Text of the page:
History

The teritony, included in the old district of Munger, formed part of the Madhya- desa or “Midland” of the first Aryan settlers. It has been identified with Modagiri, a place mentioned in the Mahabharata, which was the capital of a kingdom in Eastern India near Vanga and Tamralipta. At the dawn of history, the territory apparently comprised within the Kingdom of Anga, the capital of which was at Champa near Bhagalpur. Anga comprised of the modern districts of Bhagalpur and Munger, and also extended north wards up to the river koshi and included the western portion of the district of Purnea. Rahul Sankritayan in “Budh Charya” has mentioned that the area lying north of the Ganga was known as Anguttarap.

The first historical account of the old district of Munger appears in the Travels of Hiuen-Tsiang who visited the portions of it, towards the close of the first half of the seventh century A.D. After that there is a gap in the history of the district until the ninth century A.D., when it passed into the hands of Pala kings. The history during Pala period has become known mainly through the inscriptions. However, it is true that both Hiuen – Tsang’s account and Pala inscriptions cover mainly the Southern part of Munger district. The area passed through Muslim rule after the advent of Muslim rule in India.

Munger, in the later history, came into prominence, in the year 1762, when Kasim Ali Khan made it his capital instead of Murshidabad , from which he removed his treasure, his elephants and horses, and even the gold and silver decorations of the Imambara. He built himself a palace with a best work before it for thirty guns, and had the fortifications strengthened; while his favourite General Gurghin Khan, an Armenian who had formerly been a cloth merchant at Ispahan, reorganized the army, had it drilled and equipped after the English model, and established an arsenal; the manufacture of fire-arms, which still is carried on at Munger, is said to date back to this period. Soon after he had established himself at Munger, Mir Kasim Ali came into collision with the English, which finally resulted in capture of Munger in the year 1763.

With the extension of the British dominions, Munger ceased to be an important frontier post. The existence of Munger, as a separate executive centre is believed to date from the year 1812. The extent of the Munger jurisdiction is not mentioned in the local records till september 1814, when it is stated to comprise five Thanas or Police divisions, namely, Munger,Tarapur,Surajgarha, Mallepur and Gogari. In 1834 pargana chakai was transferred from the district of Ramgarh and in 1839 pargana Bishazari from the district of Patna. Numerous minor changes followed but the greatest change was effected in June 1874, when parganas Sakhrabadi, Darra, Singhaul, Kharagpur and Parbatta were transferred from Bhagalpur to Munger, together with tappas Lowdah and Simrawan and 281 villages from parganas Sahuri and Lakhanpur comprising in all an area of 613.62 square miles. The subdivision of Jamui was formed in 1864, at first with headquarters at Sikandra, but in 1869 they were transferred to Jamui. The Begusarai subdivision was established in 1870 and in 1943-44, Khagaria subdivision was established with headquarters at Khagaria.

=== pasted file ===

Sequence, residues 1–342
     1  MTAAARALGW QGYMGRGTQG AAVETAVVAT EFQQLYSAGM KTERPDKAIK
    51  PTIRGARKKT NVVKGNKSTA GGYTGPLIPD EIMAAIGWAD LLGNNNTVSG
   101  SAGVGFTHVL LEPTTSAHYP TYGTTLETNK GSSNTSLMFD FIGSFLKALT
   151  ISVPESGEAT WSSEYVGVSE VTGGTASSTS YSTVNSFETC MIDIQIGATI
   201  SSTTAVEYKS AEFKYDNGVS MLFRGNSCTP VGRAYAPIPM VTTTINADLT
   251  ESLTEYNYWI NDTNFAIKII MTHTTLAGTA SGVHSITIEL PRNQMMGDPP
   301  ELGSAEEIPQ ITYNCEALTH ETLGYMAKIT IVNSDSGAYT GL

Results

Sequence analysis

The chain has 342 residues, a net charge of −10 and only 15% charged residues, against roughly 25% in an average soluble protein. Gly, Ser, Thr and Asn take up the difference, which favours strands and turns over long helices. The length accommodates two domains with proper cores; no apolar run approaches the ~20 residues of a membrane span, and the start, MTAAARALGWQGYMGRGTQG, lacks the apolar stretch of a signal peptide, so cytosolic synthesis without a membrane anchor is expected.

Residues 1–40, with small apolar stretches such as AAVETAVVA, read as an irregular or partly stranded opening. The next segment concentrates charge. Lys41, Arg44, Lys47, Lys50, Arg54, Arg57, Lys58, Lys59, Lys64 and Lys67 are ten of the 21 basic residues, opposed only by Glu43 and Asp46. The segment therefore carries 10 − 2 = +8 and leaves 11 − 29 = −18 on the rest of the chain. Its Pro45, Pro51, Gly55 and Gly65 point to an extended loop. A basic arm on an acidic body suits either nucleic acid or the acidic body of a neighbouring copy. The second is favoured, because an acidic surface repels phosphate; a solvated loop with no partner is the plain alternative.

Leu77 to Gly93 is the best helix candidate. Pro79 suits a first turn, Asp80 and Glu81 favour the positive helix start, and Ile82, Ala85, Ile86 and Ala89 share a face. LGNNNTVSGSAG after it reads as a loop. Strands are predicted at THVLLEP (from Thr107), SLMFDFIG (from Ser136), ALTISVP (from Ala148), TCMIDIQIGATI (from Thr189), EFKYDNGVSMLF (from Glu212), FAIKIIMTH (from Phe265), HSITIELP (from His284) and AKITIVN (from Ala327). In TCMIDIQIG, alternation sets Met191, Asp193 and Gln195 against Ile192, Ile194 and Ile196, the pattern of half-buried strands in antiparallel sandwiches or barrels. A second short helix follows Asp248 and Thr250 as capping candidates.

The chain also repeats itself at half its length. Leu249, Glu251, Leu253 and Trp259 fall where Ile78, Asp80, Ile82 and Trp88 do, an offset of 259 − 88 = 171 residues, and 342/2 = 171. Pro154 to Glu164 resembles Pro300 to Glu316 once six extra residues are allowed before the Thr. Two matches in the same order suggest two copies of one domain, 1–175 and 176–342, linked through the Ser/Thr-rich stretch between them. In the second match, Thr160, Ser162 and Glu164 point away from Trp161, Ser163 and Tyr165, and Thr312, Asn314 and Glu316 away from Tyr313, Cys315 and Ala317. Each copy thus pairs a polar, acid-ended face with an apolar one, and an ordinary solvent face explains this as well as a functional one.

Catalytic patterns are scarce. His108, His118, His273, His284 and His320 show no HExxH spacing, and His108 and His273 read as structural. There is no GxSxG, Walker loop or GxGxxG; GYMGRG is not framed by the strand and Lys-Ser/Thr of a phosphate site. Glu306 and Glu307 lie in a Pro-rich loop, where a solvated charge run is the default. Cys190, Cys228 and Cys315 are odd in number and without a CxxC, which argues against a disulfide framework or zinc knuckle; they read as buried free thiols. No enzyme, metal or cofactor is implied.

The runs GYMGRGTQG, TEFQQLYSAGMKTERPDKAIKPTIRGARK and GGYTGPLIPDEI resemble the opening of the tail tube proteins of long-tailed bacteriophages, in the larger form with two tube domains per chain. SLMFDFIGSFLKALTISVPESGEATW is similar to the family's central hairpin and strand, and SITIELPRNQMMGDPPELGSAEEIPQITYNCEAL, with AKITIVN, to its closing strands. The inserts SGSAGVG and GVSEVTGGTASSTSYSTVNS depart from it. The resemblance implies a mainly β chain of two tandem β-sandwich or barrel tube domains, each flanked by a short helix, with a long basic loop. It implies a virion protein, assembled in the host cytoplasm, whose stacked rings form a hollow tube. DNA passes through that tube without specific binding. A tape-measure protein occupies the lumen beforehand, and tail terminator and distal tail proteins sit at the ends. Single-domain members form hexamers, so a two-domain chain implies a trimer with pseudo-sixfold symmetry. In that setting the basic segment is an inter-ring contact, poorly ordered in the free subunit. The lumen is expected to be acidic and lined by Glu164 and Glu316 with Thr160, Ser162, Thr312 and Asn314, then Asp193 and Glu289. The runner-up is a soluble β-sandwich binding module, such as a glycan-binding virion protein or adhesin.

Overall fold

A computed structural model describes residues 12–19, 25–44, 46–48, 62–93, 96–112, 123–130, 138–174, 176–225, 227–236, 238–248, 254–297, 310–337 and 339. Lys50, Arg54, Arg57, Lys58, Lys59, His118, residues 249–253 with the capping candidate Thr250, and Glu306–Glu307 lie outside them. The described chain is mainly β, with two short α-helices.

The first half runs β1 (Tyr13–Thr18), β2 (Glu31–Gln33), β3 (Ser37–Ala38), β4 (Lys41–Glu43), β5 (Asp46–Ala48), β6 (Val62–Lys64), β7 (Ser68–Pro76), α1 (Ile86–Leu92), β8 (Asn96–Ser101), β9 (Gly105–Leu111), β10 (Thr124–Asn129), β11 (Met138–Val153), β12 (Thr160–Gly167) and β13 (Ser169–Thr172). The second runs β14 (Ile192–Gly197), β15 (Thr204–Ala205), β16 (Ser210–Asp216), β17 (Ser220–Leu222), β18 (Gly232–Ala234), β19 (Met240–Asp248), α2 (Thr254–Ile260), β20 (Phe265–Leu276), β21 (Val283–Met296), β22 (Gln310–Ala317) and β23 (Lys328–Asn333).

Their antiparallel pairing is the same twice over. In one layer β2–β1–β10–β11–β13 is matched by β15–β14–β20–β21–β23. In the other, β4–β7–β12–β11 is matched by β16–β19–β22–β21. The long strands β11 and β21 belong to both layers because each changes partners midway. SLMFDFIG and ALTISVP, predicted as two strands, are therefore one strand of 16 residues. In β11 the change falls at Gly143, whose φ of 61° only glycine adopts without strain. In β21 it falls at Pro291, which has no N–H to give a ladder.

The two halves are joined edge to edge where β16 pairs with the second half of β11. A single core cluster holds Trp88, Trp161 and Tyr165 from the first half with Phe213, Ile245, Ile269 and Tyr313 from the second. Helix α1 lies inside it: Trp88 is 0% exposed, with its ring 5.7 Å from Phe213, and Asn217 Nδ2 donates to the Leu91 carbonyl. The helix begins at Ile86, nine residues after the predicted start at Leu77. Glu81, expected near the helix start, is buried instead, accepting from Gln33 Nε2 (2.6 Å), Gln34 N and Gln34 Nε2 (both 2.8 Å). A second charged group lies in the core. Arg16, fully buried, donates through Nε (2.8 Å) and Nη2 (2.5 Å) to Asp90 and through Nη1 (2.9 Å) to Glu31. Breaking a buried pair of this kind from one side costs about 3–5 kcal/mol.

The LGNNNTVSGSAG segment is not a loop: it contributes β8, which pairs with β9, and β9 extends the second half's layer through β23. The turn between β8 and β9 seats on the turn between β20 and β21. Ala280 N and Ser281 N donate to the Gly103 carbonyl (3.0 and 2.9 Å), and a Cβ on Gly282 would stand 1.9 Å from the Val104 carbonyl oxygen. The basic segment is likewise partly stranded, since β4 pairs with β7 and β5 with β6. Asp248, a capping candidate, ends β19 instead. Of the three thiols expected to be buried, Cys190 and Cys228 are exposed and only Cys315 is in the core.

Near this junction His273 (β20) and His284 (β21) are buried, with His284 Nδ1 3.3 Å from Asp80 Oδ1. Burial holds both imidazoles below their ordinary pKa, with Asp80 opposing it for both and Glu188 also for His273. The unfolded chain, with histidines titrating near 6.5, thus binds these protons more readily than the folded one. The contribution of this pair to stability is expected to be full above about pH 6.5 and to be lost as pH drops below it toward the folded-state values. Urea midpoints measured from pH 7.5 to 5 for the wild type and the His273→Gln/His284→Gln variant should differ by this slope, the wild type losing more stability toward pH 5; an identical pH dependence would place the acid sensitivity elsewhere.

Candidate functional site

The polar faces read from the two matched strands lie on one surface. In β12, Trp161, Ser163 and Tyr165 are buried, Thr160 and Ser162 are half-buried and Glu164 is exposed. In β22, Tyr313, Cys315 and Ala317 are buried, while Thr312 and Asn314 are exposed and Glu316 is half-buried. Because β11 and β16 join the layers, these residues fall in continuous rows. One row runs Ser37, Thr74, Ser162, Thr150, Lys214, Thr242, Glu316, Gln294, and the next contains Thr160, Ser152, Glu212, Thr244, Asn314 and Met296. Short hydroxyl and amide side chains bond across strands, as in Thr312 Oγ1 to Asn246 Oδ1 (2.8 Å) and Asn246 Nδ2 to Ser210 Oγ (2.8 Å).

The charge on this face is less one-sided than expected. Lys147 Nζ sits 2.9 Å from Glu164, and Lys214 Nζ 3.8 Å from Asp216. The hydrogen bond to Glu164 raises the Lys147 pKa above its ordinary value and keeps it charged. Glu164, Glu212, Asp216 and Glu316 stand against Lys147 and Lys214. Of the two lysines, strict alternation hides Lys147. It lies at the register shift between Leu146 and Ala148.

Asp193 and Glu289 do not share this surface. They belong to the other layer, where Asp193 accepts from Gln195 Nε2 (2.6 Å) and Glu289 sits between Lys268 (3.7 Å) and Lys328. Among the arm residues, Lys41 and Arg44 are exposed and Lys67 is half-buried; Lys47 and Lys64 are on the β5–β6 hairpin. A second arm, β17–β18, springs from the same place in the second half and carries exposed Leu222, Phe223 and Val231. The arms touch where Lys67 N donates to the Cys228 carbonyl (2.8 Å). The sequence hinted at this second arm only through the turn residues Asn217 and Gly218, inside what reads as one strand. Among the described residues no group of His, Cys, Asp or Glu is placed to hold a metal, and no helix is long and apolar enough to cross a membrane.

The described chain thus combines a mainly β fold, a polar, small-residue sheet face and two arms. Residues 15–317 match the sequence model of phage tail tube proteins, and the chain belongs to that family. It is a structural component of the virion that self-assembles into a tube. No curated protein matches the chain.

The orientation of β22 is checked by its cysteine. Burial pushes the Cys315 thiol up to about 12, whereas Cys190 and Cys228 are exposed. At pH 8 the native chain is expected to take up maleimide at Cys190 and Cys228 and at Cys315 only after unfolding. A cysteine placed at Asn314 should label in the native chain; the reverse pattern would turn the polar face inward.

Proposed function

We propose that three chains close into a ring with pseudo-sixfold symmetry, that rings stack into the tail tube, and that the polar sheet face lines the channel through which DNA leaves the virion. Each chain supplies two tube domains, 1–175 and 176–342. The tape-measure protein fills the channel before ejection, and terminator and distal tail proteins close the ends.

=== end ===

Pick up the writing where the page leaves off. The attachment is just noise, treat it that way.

When Khagaria subdivision was created, it comprised of an area of 752 square miles and as per the census of 1951, had a population of 5,84,625 persons. It had seven Police Thanas, namely, Khagaria, Gogari, Chautham, Parbatta, Alauli, Beldaur and Bakhtiyarpur. Presently, Bakhtiyarpur forms part of Saharsa district, Most of the part of Khagaria district was referred to as ‘ Pharkiya Pargana.’ In the 1926 District Gazetter of Munger, it has been referred as “a pargana in the north east of the Munger subdivision, with an area of 506 square miles comprised mainly within the Gogri thana.” This tract formerly belonged to an ancient family of Zamindars, of whose history little is known except what was collected in 1787 by Mr. Adair, the collector of Bhagalpur. Towards the close of the 15th century, the Emperor of Delhi sent a Rajput, namely Biswanath Rai, to contain lawlessness in the area. He successfully accomplished the task and obtained the grant of a Zamindari in this part of the country, and the estate developed on his posterity without interruption for ten generations. The annals of the family, however, after the first quarter of the 18th century, are a record of little but bloodshed and violence. At the time of publication of the 1926 Gazetteer , the greater portion of the estate was the property of Babu Kedarnath Goenka and Babu Deonandan Prasad.